- Getsemaní: Literally right outside of the walled city. Getsemaní is seen to many as the “up and coming” part of Cartagena. Previously with a bad reputation, things have turned around in Getsemaní, and lots of tourists are staying there. Getsemaní offers an “at home” feel as the area is mostly residential, and locals are going about their everyday routines. Getsemaní is no more than a 5 minute walk from the main entrance of the Walled City, and offers slightly lower cost housing options.
- Bocagrande: Really simple….Think Miami. Bocagrande is where you’ll find lots of fancy buildings, casinos, cafes, and resorts.
Always opting for the most “authentic experience” I chose to spend half of my time in Getsemaní, and the other half in the Walled City. I used Airbnb to find rooms in both cities, and both accommodations were even better than I expected. Because I was only in Barranquilla for a day and a half, I decided to make things easy and reserve a room at a hotel.
What kinds of things can you do there?
First things first. Cartagena and Barranquilla are both coastal Caribbean cities, so you can expect lots of sun and lots of heat. Whether you prefer to spend most of your time soaking up the sun at the beach, taking a day trip to one of the islands off the coast of Cartagena, or just wandering around the streets of the walled city…at some point you’ll find yourself baking in the sun haha. The sun/heat in Cartagena is intense, and you should DEFINITELY be prepared for it before going. Every morning before I left out for the day i would check the weather, and by 9am the temperature was already around 85-90 degrees Fahrenheit. Colombians told me that the heat in Barranquilla surpasses that of Cartagena, but from my experience I would say Cartagena was the winner! But on to the activities!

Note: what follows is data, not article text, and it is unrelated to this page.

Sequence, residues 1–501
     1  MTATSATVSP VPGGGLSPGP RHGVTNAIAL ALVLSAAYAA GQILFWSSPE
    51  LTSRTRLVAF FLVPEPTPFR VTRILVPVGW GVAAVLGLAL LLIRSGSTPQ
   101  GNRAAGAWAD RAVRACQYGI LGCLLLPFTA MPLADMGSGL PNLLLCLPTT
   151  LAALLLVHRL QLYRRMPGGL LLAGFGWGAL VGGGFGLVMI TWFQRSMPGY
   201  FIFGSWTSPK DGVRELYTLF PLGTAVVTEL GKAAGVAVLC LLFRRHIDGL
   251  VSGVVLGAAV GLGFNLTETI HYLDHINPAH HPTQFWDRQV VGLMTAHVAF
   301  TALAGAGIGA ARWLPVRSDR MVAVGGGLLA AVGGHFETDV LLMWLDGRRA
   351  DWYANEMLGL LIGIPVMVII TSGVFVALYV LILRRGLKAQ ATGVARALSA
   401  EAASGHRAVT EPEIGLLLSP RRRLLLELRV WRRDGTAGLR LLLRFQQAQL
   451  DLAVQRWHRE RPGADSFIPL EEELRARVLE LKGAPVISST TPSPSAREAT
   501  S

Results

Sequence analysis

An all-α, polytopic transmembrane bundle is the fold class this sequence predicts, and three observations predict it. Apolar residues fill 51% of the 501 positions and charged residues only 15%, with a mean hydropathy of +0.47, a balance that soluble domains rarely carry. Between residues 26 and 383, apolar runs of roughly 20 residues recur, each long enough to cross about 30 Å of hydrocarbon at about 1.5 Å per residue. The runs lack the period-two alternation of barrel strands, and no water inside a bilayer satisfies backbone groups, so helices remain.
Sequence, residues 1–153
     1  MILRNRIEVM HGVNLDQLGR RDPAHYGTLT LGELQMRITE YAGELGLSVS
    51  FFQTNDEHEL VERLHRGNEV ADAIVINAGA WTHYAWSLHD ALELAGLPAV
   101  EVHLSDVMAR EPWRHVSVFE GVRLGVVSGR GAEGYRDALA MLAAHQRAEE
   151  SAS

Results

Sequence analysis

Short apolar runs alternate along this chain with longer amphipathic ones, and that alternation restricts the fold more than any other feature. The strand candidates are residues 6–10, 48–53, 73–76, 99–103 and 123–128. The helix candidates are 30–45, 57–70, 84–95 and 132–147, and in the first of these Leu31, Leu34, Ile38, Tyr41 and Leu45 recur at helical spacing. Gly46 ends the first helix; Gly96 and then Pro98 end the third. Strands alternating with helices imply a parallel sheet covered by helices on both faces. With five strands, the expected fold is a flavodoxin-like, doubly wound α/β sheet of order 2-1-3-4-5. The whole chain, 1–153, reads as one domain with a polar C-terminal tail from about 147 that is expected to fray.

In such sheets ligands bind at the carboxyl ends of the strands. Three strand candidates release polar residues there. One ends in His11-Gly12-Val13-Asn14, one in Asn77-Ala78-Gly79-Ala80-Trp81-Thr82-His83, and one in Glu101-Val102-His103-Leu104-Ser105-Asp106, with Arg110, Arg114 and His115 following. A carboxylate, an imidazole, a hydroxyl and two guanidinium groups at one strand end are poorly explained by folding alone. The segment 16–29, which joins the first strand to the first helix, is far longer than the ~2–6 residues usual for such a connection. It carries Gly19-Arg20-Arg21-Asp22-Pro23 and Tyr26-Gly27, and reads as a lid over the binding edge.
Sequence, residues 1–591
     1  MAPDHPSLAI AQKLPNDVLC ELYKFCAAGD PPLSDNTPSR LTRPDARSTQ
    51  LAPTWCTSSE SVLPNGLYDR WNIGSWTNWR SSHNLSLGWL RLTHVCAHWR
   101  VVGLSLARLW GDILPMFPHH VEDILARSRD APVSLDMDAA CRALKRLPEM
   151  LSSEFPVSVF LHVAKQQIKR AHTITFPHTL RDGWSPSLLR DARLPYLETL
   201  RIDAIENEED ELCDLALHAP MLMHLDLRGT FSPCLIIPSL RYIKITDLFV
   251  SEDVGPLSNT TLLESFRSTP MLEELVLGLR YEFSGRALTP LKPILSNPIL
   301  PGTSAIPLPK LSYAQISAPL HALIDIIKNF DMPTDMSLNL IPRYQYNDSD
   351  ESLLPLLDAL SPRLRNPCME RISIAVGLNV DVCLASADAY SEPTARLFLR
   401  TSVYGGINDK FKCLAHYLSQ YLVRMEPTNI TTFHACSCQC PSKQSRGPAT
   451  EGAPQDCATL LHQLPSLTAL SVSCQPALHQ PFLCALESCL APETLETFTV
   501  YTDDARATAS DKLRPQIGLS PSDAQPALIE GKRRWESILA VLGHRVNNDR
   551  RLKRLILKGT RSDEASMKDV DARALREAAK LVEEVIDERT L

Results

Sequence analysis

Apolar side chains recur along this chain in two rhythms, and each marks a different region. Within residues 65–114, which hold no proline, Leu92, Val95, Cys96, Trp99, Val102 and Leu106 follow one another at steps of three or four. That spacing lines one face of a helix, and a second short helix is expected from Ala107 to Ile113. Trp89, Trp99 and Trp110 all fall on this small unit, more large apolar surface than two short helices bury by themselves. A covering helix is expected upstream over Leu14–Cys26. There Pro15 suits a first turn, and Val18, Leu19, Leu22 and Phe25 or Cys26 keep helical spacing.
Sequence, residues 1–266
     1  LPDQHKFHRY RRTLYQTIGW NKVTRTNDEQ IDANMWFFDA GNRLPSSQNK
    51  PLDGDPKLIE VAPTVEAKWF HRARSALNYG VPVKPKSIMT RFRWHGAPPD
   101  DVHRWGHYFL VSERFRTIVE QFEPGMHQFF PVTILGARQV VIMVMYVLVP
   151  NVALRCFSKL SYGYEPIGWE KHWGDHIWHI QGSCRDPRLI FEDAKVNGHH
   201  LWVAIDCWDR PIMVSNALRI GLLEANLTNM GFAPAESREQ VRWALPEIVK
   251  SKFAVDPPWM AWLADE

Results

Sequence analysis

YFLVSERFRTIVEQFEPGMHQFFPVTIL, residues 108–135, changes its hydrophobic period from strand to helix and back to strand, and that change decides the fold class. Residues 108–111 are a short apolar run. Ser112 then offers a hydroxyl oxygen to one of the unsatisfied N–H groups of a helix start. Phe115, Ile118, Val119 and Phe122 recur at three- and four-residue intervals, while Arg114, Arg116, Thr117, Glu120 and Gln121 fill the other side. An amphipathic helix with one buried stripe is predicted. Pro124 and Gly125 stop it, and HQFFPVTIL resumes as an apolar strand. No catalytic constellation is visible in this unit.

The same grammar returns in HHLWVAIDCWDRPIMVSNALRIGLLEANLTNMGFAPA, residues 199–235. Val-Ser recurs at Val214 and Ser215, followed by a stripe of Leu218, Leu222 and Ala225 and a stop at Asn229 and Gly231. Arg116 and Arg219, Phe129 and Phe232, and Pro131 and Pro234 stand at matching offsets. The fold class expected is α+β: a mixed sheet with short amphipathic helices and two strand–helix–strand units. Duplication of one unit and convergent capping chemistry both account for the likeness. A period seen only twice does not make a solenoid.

1. Take a day trip to Playa Blanca, Isla Grande or any of the other nearby islands. The collage you saw at the top of this post was taken in Playa Blanca, so if you liked it JUST GOOOOOOOOOO!!! haha. Just outside of the walled city, there is a terminal where you’ll see tons of vendedores (Folks trying to sell you packages to get to various tourist sites). I’ve learned the art of negotiating, and I believe you should as well! I know it may be kind of overwhelming with the vendedores constantly trying to explain to you why their price is “the best”, but I recommend that you search until the price feels right. I paid 40,000 Colombian pesos (yeah I know sounds/looks like a lot, but $1 US=3000 Colombian Pesos), so it ended up being around $13-14 US. This included roundtrip bus transportation, free drinks and lunch! When we first started asking about prices, most folks quoted between 50-60,000 pesos, but then as time went on (about 2-3 minutes) we were able to find an option for 40,000. We were told by the vendedores that taking the lancha (small boat) would be around the same price,but they charged a tax to enter to island, so we figured getting there by bus would be the better option. On our way there I decided to be curious and ask the other folks on the bus how much they paid for the trip. Everyone on the bus told me that they paid 50,000 pesos, so it turns out we did get a good deal after all! The bus ride itself was painless. It took around an hour to get to the beach, and our driver was funny and made the ride more tolerable. Once there we were told what time and where to meet for lunch, and of course what time we would be leaving, and then we were free to explore the beach.